openDemocracyUK

Four reasons why Conservatives should back PR

What should be asked, loud and clear, is why are supposedly modern Conservatives defending the First Past the Post-system (FPTP) when it flies in the face of at least four core Tory values:
Olaf Corry
17 September 2010

With the Lib Dem leadership resigned to not getting proportional representation, and the Labour party hesitant even to back AV, supporters of PR have understandably directed their guns at these two ‘progressive’ parties for failing to back progress. This is logical and necessary. But it lets the Conservative Party – the biggest road-block to voting reform in the UK – conveniently off the hook. What should be asked, loud and clear, is why are supposedly modern Conservatives defending the First Past the Post-system (FPTP) when it flies in the face of at least four core Tory values:

1) Choice. Tories, we are told, believe in choice. The most fundamental choice we have as citizens is who should govern us. Yet FPTP effectively limits that choice to a crude one between two old parties who agree on many significant matters. By relentlessly squeezing smaller parties, and often forcing voters to vote against their most feared option rather than in favour of what they do believe in, the choice becomes a very limited and really rather negative one. Conservatives are against real choice in politics.

2) Competition. If competition is healthy and roots out sloppiness, waste and corruption, then our political system could surely do with some more of it. FPTP creates huge numbers of ‘safe seats’ where MPs can sit for years effectively unchallenged and do very little while they claim for duck houses and moats. Voter apathy is entirely rational in ‘safe seats’, as is party apathy - why should they spend money and campaign in places where the result is a foregone conclusion? Under PR every vote counts and every seat is therefore 'a marginal'. But Tories do not want that.

3) Limits to state power. Tories say they hate large over-powerful government. Yet the ability to deliver ‘strong government’ is usually their main argument in favour of FPTP (despite the current situation where they claim to lead a strong coalition). FPTP usually allows representatives of a minority of the voters to capture all the levers of state power at once. Unchecked power, the small state ideologues know, inevitably corrupts and society, becomes vulnerable to meddling and ‘radical reforms’ from executives with huge majorities. PR on the other hand creates natural checks and balances on political power as policy usually has to be built on consensus and compromise – or at least dialogue -  rather than the ideological zeal of a small coterie of people that happen to run one of the big parties when it ‘wins’ power. But Tories prefer big government (if not a big state).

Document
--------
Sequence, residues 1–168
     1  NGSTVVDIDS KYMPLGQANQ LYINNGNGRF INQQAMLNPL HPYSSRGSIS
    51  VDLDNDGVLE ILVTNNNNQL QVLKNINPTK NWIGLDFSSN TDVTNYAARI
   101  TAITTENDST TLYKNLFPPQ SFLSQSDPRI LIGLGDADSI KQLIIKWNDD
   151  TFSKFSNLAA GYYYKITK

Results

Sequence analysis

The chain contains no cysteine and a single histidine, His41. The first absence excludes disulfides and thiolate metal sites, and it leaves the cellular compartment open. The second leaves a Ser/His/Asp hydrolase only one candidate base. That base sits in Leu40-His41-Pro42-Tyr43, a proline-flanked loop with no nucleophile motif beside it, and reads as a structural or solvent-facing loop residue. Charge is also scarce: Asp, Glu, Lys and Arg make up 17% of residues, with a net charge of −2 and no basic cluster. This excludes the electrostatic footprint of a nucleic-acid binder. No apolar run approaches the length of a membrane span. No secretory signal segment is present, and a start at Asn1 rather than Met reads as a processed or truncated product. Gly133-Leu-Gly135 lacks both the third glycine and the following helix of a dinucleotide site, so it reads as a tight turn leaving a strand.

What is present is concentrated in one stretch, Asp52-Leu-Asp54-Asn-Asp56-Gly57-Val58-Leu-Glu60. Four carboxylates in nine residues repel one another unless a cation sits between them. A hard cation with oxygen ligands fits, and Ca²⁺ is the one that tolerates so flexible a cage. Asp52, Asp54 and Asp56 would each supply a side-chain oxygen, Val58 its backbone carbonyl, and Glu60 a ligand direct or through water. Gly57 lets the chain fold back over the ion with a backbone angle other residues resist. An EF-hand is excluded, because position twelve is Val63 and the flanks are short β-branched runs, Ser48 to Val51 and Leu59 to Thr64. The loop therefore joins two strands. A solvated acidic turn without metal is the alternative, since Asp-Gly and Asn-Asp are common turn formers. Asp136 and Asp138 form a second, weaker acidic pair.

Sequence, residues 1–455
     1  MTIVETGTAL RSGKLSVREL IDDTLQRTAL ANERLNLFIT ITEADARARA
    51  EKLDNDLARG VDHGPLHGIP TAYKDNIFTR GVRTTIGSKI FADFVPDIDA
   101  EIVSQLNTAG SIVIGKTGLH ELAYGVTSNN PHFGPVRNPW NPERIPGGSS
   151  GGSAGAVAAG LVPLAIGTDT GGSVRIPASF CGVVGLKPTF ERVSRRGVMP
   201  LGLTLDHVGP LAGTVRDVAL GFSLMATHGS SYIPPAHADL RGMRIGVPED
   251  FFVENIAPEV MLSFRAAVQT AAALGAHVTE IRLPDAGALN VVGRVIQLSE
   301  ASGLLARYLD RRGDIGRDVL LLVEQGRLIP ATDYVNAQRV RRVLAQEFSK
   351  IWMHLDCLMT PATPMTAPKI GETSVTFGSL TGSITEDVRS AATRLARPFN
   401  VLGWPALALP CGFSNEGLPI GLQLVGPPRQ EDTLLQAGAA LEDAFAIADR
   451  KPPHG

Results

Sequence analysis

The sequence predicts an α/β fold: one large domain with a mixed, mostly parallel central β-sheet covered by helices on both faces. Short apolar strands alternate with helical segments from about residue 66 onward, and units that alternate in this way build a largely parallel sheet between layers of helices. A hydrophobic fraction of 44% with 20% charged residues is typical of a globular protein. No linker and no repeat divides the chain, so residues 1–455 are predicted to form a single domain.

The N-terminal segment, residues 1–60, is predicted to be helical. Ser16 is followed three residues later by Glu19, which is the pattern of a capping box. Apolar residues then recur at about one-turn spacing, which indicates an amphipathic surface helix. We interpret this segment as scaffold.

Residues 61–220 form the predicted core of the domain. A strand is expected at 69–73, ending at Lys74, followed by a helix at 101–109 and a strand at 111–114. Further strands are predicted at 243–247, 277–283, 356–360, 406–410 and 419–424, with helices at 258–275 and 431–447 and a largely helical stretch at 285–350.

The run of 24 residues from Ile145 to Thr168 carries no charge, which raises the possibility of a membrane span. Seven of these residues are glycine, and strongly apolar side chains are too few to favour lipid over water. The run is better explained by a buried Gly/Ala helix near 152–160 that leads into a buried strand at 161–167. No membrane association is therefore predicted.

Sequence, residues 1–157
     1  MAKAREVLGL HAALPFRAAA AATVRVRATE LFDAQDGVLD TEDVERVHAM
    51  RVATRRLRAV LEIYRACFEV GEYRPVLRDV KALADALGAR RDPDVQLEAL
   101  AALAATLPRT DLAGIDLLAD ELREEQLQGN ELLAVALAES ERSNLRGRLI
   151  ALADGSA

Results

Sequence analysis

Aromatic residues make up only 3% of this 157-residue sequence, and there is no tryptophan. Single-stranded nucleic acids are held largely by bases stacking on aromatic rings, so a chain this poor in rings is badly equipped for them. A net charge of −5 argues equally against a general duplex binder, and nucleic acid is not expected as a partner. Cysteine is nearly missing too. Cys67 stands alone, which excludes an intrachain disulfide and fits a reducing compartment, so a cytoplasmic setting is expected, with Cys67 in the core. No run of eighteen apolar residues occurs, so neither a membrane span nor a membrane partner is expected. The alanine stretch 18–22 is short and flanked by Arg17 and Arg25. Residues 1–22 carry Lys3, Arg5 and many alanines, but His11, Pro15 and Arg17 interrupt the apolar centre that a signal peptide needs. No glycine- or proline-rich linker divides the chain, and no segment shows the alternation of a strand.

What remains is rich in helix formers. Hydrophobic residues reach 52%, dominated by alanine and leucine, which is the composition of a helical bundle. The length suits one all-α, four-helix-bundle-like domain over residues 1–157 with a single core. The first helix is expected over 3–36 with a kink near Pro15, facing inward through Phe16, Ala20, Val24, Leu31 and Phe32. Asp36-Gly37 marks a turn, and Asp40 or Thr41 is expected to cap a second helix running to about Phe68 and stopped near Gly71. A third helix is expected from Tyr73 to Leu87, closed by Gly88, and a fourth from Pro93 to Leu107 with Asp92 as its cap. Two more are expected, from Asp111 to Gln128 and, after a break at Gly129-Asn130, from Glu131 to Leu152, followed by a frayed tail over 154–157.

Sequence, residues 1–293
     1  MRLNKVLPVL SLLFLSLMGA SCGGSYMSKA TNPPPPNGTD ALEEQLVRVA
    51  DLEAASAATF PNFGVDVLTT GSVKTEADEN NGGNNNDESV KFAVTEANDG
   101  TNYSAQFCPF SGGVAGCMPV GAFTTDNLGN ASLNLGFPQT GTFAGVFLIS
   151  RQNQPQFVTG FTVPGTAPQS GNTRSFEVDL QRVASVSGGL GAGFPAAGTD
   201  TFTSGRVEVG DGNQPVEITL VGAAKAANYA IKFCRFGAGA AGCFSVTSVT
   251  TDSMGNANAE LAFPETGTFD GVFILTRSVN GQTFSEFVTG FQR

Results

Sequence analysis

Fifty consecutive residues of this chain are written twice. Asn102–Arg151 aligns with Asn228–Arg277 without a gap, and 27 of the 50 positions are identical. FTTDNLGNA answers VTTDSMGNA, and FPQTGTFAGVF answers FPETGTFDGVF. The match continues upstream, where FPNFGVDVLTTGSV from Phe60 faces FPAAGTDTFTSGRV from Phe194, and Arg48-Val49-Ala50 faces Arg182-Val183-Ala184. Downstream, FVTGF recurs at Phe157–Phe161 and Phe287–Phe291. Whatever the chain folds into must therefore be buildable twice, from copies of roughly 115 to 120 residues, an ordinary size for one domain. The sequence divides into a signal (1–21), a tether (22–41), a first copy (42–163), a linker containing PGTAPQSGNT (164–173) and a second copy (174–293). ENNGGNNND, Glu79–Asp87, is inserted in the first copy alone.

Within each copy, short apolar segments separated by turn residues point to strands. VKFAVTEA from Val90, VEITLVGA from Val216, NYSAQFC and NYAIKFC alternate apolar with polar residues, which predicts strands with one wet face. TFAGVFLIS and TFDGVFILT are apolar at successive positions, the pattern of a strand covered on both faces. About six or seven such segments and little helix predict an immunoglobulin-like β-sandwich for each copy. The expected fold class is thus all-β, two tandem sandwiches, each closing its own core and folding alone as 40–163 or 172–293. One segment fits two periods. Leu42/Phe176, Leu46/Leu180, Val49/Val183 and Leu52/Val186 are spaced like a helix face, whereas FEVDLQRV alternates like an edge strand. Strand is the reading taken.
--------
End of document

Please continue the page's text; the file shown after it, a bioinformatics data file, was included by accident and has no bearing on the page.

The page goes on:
4) Private initiative/entrepreneurial spirit. Again, supposedly key Tory values. Yet the current system which they are defending throttles any attempt at starting up new parties, stifling virtually any rational potential political entrepreneur. With FPTP the Tories are shoring up the huge barriers of entry to the current political duopoly in the UK. The knock on effect of political monopolies is lost innovation since new industries usually require political support for take-off. Politics in the UK is consequently as slow to react to new demands and ideas as an East German state enterprise. Germany, which by contrast has PR (we gave it to them, incidentally), now has 270.000 people employed in the renewable technology industry. This can in no small part be traced back to when a new political voice (The German Greens) made it into parliament 27 years ago. In government they pushed a new agenda that facilitated the growth of a renewable energy industry. They are now reaping the fruits of that not just in terms of environmental impact but in terms of jobs and exports. In the UK we had to wait until last May for a single Green MP to get elected. If we want to be first movers in innovation, we need political innovation to be easier.

If we also take values such as ‘fairness’, which David Cameron has hailed as a Tory value, then PR becomes even more compelling for a Tory. But fairness is the weakest of slogans, and even without it proportional representation clearly ought to be a natural Tory policy.

So why is PR so hated amongst Tories then? Perhaps because pursuing one’s self-interest is also a core Conservative virtue. Apparently, when push comes to shove, it trumps of all the above.

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